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Vandenberg Airmen help rescue family after car crash

Senior Airman Sarah Cabrera, a 614th Air and Space Operations Center administrator, and Staff Sgt. Bryan Karason, the 30th Force Support Squadron NCO in charge of assignments, recently helped rescue a family from a car wreck Oct. 25, 2015, in Goleta, Calif. After assessing the situation, the Airmen instinctively sprung to action using basic self-aid and buddy care techniques. (U.S. Air Force photo/Senior Airman Kyla Gifford)

Senior Airman Sarah Cabrera, a 614th Air and Space Operations Center administrator, and Staff Sgt. Bryan Karason, the 30th Force Support Squadron NCO in charge of assignments, recently helped rescue a family from a car wreck Oct. 25, 2015, in Goleta, Calif. After assessing the situation, the Airmen instinctively sprung to action using basic self-aid and buddy care techniques. (U.S. Air Force photo/Senior Airman Kyla Gifford)

VANDENBERG AIR FORCE BASE, Calif. (AFNS) -- A pair of Vandenberg Air Force Base Airmen helped rescue a family after a car crash in Goleta, California, on Oct. 25.

Staff Sgt. Bryan Karason, the 30th Force Support Squadron NCO in charge of assignments, and Senior Airman Sarah Cabrera, a 614th Air and Space Operations Center administrator, noticed what looked like flames on the side of the road while driving along Highway 101.

"As we drove a little closer we noticed there was an enormous dust cloud that was generated from a car that had swerved off the road and onto a hill off the expressway, causing it to flip over," Karason said.

Karason immediately pulled his car over and swiftly approached the scene with Cabrera.

"Initially approaching the car I assumed that everyone was out of the car but then I saw a gentleman kicking open the rear passenger door," he said. "Cabrera yelled for one of the members at the scene to call 911. Arriving to the car, the gentleman was in shock and was expressing that there were more individuals located inside the vehicle. He didn't speak English so Cabrera helped with the language barrier and started to communicate in Spanish."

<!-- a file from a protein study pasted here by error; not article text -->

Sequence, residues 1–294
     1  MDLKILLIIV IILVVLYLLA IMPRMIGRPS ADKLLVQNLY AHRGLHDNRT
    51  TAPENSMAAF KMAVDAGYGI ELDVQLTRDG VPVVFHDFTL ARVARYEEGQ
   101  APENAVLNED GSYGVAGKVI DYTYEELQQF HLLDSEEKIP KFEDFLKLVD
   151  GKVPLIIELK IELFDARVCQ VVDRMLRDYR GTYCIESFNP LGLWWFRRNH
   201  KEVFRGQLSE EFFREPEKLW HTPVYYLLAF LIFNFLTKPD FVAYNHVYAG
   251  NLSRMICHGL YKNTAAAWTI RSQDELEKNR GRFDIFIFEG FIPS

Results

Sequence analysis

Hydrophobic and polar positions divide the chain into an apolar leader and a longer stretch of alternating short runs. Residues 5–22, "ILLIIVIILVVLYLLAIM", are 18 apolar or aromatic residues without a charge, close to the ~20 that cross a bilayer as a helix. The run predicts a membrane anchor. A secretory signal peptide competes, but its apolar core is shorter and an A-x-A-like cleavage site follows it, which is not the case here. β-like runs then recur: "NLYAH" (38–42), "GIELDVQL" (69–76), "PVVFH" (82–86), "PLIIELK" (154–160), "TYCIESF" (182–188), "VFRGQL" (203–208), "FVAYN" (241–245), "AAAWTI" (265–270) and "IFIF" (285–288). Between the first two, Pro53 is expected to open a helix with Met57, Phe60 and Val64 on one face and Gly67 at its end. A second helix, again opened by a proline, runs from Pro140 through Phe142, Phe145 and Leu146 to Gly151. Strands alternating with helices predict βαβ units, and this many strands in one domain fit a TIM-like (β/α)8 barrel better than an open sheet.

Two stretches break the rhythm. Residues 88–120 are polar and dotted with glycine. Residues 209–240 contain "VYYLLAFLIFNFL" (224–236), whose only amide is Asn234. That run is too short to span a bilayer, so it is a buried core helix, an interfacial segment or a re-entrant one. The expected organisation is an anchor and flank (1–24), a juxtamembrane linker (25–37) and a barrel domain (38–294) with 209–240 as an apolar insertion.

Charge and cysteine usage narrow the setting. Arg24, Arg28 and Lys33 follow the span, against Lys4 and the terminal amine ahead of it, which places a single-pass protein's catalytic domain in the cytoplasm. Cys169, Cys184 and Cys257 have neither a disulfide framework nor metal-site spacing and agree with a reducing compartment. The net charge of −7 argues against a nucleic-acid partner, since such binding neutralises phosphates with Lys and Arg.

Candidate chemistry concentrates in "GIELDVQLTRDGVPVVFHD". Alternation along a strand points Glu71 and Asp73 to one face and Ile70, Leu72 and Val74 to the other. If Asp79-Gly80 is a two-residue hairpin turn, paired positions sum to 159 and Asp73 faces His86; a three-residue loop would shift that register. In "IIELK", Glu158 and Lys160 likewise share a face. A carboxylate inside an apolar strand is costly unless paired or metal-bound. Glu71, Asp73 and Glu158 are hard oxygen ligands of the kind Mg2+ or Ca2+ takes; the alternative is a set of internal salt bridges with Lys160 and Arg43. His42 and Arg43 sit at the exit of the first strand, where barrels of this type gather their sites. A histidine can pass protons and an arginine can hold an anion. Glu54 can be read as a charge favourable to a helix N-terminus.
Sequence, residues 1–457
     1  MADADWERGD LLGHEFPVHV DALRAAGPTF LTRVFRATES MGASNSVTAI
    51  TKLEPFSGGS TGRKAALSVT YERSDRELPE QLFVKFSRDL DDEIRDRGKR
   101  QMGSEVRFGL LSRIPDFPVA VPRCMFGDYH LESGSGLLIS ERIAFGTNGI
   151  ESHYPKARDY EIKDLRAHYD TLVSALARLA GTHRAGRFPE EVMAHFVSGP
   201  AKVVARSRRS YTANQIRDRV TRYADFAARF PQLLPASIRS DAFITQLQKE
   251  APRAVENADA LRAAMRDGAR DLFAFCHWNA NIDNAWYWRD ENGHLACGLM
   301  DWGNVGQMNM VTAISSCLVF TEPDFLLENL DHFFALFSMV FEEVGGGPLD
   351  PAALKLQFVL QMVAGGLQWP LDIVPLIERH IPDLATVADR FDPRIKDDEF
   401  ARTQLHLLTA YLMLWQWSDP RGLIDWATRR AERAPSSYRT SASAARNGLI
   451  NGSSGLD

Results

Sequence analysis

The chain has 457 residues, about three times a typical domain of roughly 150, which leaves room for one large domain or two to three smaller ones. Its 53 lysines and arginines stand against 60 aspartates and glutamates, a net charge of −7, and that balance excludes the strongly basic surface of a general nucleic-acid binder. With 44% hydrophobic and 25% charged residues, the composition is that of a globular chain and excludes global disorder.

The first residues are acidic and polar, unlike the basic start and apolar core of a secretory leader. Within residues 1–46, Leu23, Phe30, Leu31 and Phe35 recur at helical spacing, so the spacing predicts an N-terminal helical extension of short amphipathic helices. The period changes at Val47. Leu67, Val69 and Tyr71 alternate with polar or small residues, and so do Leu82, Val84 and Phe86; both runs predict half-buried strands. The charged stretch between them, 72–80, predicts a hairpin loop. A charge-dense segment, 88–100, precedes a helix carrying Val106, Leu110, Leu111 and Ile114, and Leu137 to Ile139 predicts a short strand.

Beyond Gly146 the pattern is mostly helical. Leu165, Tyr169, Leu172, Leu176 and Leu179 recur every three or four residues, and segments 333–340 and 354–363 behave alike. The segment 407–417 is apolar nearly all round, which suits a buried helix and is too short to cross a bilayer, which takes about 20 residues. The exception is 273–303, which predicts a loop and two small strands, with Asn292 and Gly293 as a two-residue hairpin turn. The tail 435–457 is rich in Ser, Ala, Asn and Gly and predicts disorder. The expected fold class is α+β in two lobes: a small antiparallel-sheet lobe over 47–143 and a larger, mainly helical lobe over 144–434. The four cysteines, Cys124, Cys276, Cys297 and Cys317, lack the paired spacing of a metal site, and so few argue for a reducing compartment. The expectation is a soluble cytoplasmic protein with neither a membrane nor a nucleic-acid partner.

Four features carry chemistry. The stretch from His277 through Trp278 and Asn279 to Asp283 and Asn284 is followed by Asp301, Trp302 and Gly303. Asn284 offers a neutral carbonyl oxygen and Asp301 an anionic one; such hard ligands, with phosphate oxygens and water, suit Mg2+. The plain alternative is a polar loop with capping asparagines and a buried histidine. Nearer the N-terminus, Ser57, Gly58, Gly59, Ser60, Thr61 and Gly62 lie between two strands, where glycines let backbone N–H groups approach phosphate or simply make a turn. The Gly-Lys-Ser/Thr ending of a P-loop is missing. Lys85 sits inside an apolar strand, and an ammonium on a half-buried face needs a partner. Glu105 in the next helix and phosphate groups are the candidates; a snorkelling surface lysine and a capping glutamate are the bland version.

After quickly assessing the situation, the Airmen sprung to action using self-aid and buddy care techniques.

"I saw a young girl in the backseat, and also heard the screaming of a woman coming from the front passenger seat," Karason said. "Another individual on the scene assisted me with getting the young girl out, and while he tended to her, I responded to the woman and got her out of the passenger seat. Once cleared from the wrecked car, we laid her flat on a blanket, treated her for shock and made sure she didn't move any part of her body to prevent more bodily injury."

When the first responders and paramedics arrived on scene, Cabrera was the only person on site who was able to overcome the language barrier and translate for the victims.

"The cops took me to the side to tell me questions to ask the victims," Cabrera said. "What were their names, dates of birth, current address and other important information they needed."

Cabrera said she’s thankful for her military experience that helped her triumph in a difficult situation.

"We practice situational awareness on and off base, and in this case it happened to be off base," she said. "We put our training to the test, and were able to quickly assess the situation and pull a family out of the car to safety."

Cabrera hopes this situation will help shine light on the importance of Air Force training and expand knowledge about different languages and cultures.

"Not only does it open up a new world of opportunities for your career and for yourself, but you never know when you will actually use it," Cabrera said. "In this situation, I was the only one communicating between the crash victims and first responders -- because I knew a second language, I was able to help."

The two Airmen remain humble, attributing their quick thinking to military training and experience.

"I would have to say the training the Air Force has provided just took over," Karason said. "I just felt like I knew what to do and what had to be done, and with the help of Cabrera and a couple other individuals we were able to assist the best we could."

Providing fast and effective care, while assisting and supporting the family, Karason and Cabrera proved the quality of today's American Airmen.

"I am a firm advocate that in our training, you practice how you play," Karason said. "When we are called on, there is no confusion, we just act."

Engage

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